Carteaux said SPI teamed with NAPCOR because of its technical expertise, and its knowledge of how to develop recycling markets. “This is another great example of how plastics industry associations are working together on a regular basis,” he said.
“Their background and expertise was the first step in making this happen,” Carteaux said. “If we had embarked on this ourself, we wouldn't have had the expertise on the PET recycling market.”
“The project is about educating, collecting, sorting and turning the material into products,” said Sabourin. “We want this to seed future programs and ensure the long-term viability of thermoforming packaging. It is a project we need to push.”
The grant is open to any recycling program operator in the U.S. that can provide, or contract for, the full scope of program services, ranging from consumer education to the marketing of material.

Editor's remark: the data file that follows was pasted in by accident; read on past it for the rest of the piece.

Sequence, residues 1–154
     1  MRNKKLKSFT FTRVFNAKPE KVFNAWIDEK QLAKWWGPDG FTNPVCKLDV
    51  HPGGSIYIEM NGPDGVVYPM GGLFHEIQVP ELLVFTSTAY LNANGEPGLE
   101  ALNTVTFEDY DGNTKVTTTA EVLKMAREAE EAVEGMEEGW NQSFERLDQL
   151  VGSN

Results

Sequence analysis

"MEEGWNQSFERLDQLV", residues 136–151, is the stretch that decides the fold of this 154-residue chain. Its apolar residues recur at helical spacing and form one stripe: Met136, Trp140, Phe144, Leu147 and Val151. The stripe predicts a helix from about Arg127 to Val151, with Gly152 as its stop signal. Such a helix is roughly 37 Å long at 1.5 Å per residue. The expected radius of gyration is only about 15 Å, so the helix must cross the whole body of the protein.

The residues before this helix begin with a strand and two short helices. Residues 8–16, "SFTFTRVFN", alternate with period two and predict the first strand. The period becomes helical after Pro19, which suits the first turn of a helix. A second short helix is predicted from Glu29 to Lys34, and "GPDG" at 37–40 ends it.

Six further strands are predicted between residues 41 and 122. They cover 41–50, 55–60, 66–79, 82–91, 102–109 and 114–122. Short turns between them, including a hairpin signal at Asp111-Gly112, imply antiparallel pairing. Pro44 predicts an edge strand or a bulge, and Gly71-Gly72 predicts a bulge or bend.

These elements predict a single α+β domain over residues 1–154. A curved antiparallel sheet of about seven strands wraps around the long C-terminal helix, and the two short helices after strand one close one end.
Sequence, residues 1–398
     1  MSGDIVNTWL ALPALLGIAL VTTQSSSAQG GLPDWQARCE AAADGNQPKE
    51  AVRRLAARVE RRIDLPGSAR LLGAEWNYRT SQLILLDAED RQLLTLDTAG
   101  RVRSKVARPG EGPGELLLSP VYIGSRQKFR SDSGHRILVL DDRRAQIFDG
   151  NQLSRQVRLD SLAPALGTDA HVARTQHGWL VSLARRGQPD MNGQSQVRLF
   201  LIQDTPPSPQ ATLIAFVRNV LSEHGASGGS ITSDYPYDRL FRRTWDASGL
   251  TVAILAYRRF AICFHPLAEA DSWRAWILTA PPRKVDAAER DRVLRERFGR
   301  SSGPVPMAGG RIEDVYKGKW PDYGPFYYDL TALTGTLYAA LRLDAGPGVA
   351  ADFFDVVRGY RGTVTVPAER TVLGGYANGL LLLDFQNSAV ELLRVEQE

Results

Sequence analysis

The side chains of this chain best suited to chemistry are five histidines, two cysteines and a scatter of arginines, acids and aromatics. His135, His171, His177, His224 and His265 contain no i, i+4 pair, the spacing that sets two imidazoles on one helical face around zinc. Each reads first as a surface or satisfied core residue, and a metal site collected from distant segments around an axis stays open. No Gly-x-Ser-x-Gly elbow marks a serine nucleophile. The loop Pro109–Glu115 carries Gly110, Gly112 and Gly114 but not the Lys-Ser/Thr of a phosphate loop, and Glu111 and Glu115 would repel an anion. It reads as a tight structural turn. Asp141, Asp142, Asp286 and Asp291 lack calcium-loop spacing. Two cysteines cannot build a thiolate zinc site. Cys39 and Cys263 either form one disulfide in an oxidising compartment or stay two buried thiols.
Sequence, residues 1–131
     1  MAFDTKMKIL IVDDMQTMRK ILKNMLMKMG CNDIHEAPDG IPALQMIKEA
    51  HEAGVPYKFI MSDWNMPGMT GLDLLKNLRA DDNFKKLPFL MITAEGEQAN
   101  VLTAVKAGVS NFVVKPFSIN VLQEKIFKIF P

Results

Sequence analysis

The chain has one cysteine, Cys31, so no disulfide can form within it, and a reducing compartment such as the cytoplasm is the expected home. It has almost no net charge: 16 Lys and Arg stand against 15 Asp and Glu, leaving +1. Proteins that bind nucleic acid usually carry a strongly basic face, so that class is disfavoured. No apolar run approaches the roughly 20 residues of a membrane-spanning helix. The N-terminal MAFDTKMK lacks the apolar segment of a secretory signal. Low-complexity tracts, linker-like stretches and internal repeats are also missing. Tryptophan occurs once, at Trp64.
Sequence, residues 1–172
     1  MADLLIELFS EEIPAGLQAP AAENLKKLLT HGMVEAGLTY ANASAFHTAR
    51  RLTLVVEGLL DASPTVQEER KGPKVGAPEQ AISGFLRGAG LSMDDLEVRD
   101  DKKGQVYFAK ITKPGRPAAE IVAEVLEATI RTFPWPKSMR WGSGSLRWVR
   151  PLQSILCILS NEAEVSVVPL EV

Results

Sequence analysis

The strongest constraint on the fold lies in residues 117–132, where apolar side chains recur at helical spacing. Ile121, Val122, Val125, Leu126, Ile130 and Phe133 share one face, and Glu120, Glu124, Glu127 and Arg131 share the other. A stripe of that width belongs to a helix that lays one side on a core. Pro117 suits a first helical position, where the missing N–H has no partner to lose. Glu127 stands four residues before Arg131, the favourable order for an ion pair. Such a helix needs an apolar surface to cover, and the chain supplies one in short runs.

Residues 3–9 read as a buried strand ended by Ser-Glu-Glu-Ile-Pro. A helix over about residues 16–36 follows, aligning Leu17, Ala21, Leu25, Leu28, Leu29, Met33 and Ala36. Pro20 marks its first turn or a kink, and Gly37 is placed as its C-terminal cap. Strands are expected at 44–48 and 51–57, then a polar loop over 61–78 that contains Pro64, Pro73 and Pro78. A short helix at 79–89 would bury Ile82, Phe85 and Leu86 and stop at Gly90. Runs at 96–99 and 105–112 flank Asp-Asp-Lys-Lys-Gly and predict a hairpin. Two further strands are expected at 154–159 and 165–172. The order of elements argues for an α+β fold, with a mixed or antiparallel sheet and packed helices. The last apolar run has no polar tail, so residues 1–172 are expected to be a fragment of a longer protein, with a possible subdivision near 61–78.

It will be up to the company or companies chosen for the project to decide how to spend the grant money and whether to use it on new equipment, auto-sorting technology, more bins or a combination of all three, Carteaux said. The grant money can also be used on consumer education, outreach for event, stadium recycling, modification of collection vehicles, storage space modification and equipment retrofits.
The full request-for-proposal for the program — as well as details about the project, its background and its scope — can be found on the NAPCOR website at www.napcor.com/PET/thermoRFP.html. The deadline to submit an RFP is Sept. 30.